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October 8, 2013

Hugh Miller's dedication to social justice was 'a driving force'

WATERLOO - From education to politics, from the judicial system to the sport of soccer, Hugh Miller embraced all of his endeavours with a spirit of commitment and compassion.

Miller — a former dean at Renison University College, provincial NDP candidate and, most recently, executive director at Youth in Conflict with the Law — died suddenly of a heart attack August 5, 2013. He was 70.

Family members said he spent his last day gardening with his wife, Judith, sharing stories of their introduction to their latest grandchild, born Saturday.

Miller's dedication to social justice was grounded in his Maritime roots, his family said.

"In seafaring communities, people pull together to survive, something Hugh experienced firsthand during summers on Campobello Island, N.B.," read an email from the Miller family. "He brought those attitudes to his family. We learned from him that we are better when we are part of a loving community."

For the past 20 years, Miller served as executive director at Youth in Conflict with the Law, an organization that provides supervision to youth and adults out on bail as they face criminal charges.

"He had a lot of compassion for people who were marginalized in our community," said bail supervisor Katrina Rolfe-da Silva, describing Miller as a quiet, careful listener. "He genuinely cared."

Miller assumed the role in 1993 from Andrew Telegdi, the organization's founding executive director, when Telegdi was first elected as a Liberal MP.

The two men ran against each other in the 1990 provincial election, with Miller placing second, and Telegdi third, in the former riding of Waterloo North.

Despite their different political stripes, Miller assisted Telegdi in his municipal campaigns. "We had some spirited debates," Telegdi said.

But the two men found much common ground, especially when it came to a desire to make the world a better place.

"It was very much a driving force, and he stood up for and fought for his principles," Telegdi said.

Miller ran twice for a spot at Queen's Park, in 1990 and 1995. At one point on the night of Sept. 6, 1990, his supporters thought he was on the way to victory.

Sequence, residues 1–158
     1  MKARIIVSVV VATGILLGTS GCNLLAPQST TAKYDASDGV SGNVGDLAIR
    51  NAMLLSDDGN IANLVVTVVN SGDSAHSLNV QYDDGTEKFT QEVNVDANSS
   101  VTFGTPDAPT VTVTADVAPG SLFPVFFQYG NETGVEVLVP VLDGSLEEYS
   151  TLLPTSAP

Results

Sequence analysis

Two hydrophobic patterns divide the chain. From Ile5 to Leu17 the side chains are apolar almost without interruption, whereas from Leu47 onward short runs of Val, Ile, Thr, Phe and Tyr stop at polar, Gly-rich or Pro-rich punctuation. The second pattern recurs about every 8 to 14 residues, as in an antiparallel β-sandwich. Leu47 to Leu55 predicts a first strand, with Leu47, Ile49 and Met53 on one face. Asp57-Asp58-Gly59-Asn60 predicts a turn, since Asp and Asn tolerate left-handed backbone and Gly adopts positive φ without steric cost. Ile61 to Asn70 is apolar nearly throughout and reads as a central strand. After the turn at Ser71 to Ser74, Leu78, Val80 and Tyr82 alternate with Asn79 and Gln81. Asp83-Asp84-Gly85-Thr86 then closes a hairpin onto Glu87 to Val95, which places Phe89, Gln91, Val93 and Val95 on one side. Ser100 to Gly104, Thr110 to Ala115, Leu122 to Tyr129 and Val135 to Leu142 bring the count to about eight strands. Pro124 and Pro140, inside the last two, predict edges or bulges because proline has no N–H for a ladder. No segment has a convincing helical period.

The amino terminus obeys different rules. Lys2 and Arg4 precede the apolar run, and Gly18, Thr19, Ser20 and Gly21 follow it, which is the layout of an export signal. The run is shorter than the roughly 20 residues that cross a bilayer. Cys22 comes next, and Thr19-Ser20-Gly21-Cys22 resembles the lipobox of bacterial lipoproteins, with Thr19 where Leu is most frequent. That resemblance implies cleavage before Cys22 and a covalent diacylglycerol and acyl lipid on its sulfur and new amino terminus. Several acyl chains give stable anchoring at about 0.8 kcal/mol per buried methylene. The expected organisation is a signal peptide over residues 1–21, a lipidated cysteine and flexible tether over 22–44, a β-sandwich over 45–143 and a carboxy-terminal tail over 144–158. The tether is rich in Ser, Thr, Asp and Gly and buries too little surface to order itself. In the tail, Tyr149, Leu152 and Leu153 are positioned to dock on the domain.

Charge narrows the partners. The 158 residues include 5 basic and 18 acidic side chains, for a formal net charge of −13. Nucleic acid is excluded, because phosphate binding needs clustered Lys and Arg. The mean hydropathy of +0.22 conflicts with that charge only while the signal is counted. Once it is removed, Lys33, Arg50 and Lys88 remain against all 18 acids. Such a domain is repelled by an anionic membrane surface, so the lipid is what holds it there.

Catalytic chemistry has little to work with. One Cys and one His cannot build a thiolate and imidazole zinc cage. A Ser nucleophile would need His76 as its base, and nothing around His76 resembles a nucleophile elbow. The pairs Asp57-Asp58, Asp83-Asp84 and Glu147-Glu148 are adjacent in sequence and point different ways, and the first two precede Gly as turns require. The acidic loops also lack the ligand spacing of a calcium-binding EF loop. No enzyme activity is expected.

It was not to be, as PC Elizabeth Witmer would claim the seat she'd go on to hold until her resignation in 2012.

In the Kitchener-Waterloo byelection that followed, the NDP's Catherine Fife claimed victory — 22 years, to the night, after Miller's strong showing.

Miller, who served for 15 years as the NDP's Kitchener-Waterloo riding president, was one of the first people Fife saw as she arrived for her victory party.

"It was very moving to see the work that he, and others, had done for years finally being rewarded," said Scott Piatkowski, vice-president of the Ontario NDP.

To Piatkowski, and Fife, and countless others, Miller was a political mentor.

"We could always count on him to help," Piatkowski said. "He really made strong friendships, and that's a side of politics that people don't see."

In recognition of his contributions, the party made Miller a life member in 2006.

"Hugh was dedicated to our community, his family and friends. He was involved in many community boards and initiatives that changed Kitchener-Waterloo for the better," Fife said in a statement. "Over the course of his career and volunteer endeavours he inspired many people to become involved in their communities, myself included."

During his time at Renison University College, Miller was "the principal architect" of its Social Development Studies program.

Offering courses in human and social development, including psychology, sociology and social work, it remains one of the top programs in the Faculty of Arts and the University of Waterloo, said retired religion and culture professor Darrol Bryant.

"We were trying to come up with a program that would tie the college together and give it clarity of direction. Hugh was really at the centre of that," Bryant said. "He was an academic with a lively social conscience who saw the academic world as contributing to social change."

A longtime board member and past-president of the Waterloo Minor Soccer Club, Miller played a key role in the construction of the indoor facility at Bechtel Park.

"I was always impressed with the effort he put in on behalf of the children of Waterloo," said former executive member Mike Rowe.

The KW Record.

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